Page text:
One might say that the Emmaus Legion team limped into the postseason after going just 4-6 in its final 10 games of the regular season. That, plus a history of playoff frustration over the years, left a difficult task ahead of the Hornets as they played a single-elimination game at South Parkland in the first round of the Lehigh Valley Legion playoffs.
Some early miscues and the lack of being able to get a big hit at the right time led Emmaus to a 6-3 loss, ending the Hornets’ season.
While much of Saturday brought beautiful weather to the Lehigh Valley, a quick storm roared through late in the afternoon, bringing just enough rain to put the scheduled Lehigh Valley Legion playoff game between Carbon and Lower Macungie in doubt.
A squad of coaches and parents from both teams worked over an hour to clear the field and make it resemble somewhat of a baseball field ready for a playoff game.
After a fierce storm moved through the Lehigh Valley Saturday, forcing the postponement of most of the day’s Lehigh Valley Legion games, Lower Macungie had to regroup on Sunday, the final day of the regular season, and play two games at different locations.
After a 7-2 win over North Parkland early in the afternoon, the team reassembled about 30 miles to the north to face Carbon County at Lehighton High School, where things didn’t go nearly as well with the Monarchs downing Lower Mac 12-2.
Just as most coaches are after a loss, Emmaus Legion manager Tom Cichocki was admittedly not feeling too great after a 4-1 loss to South Parkland in the regular season finale on Sunday.
The loss brought out more frustration than anything in Cichocki, because of how the team lost, thanks in part to bad calls from umpires early in the game and an uninspired performance from his team.
On back-to-back plays in the second inning, the field umpire missed two obvious calls and refused to ask the home plate umpire for a second opinion when asked by Cichocki.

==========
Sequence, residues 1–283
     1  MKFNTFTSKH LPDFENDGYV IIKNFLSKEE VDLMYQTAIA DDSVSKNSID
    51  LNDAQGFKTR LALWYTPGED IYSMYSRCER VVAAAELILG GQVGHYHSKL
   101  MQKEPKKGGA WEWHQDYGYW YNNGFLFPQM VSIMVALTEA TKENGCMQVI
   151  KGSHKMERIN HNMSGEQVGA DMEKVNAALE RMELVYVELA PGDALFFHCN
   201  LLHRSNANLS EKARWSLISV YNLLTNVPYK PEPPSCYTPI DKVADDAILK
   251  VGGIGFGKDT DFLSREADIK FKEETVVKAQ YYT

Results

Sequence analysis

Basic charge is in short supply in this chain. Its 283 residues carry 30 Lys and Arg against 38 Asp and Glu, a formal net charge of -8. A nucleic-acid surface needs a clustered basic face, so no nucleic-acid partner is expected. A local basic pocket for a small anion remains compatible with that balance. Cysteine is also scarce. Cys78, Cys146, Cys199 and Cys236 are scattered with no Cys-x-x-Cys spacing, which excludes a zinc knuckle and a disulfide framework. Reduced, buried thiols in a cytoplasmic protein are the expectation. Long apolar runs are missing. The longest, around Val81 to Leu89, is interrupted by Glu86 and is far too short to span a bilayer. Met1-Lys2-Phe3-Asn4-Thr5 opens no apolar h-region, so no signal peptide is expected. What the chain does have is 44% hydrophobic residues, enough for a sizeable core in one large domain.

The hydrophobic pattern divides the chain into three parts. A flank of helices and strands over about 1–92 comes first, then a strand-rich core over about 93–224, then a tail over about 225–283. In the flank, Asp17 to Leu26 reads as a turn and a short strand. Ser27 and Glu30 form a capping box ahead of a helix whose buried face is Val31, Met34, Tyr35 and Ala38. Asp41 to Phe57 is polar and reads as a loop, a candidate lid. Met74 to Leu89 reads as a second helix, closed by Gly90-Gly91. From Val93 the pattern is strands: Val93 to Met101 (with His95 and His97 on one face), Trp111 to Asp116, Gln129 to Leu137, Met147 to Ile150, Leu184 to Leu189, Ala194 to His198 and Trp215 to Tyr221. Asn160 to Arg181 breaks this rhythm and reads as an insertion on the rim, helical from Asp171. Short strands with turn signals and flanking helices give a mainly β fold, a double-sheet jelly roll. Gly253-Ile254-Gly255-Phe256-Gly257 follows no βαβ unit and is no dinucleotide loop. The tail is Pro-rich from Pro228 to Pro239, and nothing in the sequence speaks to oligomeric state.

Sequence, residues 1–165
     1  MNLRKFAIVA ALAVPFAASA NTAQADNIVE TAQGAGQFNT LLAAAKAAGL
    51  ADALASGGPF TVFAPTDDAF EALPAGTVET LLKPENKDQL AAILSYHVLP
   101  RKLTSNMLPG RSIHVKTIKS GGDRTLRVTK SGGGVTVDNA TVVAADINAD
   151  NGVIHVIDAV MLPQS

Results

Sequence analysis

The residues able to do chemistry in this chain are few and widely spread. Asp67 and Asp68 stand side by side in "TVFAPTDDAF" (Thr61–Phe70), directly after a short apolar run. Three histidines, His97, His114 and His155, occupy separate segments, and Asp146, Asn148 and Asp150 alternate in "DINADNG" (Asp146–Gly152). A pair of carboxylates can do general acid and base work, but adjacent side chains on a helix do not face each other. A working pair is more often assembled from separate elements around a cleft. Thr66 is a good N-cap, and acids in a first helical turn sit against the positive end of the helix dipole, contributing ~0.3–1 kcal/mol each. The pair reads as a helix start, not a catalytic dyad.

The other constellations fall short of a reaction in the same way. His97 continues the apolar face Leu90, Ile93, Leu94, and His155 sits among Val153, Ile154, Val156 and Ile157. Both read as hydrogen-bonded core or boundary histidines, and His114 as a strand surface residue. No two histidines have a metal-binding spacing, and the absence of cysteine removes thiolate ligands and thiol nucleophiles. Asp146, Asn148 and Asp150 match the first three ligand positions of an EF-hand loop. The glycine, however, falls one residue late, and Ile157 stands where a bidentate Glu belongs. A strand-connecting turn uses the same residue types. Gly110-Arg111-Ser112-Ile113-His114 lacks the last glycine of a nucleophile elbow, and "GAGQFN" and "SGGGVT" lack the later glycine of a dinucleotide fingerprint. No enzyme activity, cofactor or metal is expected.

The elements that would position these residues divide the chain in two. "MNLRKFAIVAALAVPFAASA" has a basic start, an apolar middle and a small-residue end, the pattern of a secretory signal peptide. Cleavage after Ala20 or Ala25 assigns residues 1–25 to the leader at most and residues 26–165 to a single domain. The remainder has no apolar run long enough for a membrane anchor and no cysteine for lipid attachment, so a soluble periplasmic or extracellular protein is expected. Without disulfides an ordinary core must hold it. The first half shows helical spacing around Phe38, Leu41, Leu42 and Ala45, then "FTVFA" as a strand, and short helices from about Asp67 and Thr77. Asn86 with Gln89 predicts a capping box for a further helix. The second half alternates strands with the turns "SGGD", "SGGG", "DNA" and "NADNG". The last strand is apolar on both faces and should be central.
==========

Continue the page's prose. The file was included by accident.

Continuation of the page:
As it turned out, when the Emmaus and Lower Macungie Lehigh Valley Legion rosters were set for the 2017 season, Lower Macungie got much of the younger talent. The Mustangs did get some quality pitching, including Matt Lanzone, who was the ace of the Emmaus varsity staff this past season. They also got senior Todd Moxey, who can contribute both at the plate and on the mound, and first baseman/pitcher Adam LeMaster.
With the Emmaus Legion team hovering right around the .500 mark this season, a Sunday doubleheader against rival Lower Macungie seemed the perfect spot for the team to try to burst out for a late season run.
After taking the opener 6-5, Lower Macungie rallied back in the second game to grab a 7-6 win over Emmaus, splitting the two games.
In the opener, Emmaus got an unearned run in the bottom of the first inning when Eric Cichocki led off the game with a ground ball to short that was booted, allowing Cichocki to reach base.
At a recent signing ceremony, 12 Emmaus High School student athletes officially announced their college choices, signing letters of intent to attend colleges and universities to further their academic and athletic careers. The athletes represented nine different sports and chose 11 different institutions.
The players on the Emmaus softball team were understandably upset after their loss to Liberty in the district semifinals. As the team gathered on an out-of-the-way set of bleachers at Patriots Park, more tears started to flow. Then, assistant coach Amy Oswald, who played for coach John Eyer on a team that won districts 10 years earlier, started to wipe tears from her eyes.
With two pretty young teams, you get the feeling that Emmaus and Liberty are set for some pretty big battles over the next couple of seasons.
The first two real salvos in the war came in softball’s postseason this year when Emmaus downed the Hurricanes 3-2 in eight innings in the EPC semifinal before Liberty took revenge, winning the District 11 Semifinals 11-2 over the Hornets last week at Patriots Park in Allentown.
When the District 11 baseball semifinal game against Liberty went extra innings, fans had to figure that Emmaus had a bit of an advantage. After all, the Hornets were the team that battled Parkland to a 16-inning, 1-0 win during the regular season, so playing longer games was nothing new to them.
The Baseball Gods had other ideas on Monday as Liberty erased a two-run deficit with two outs in the bottom of the 11th inning to beat Emmaus 4-3 and end the Hornets’ season.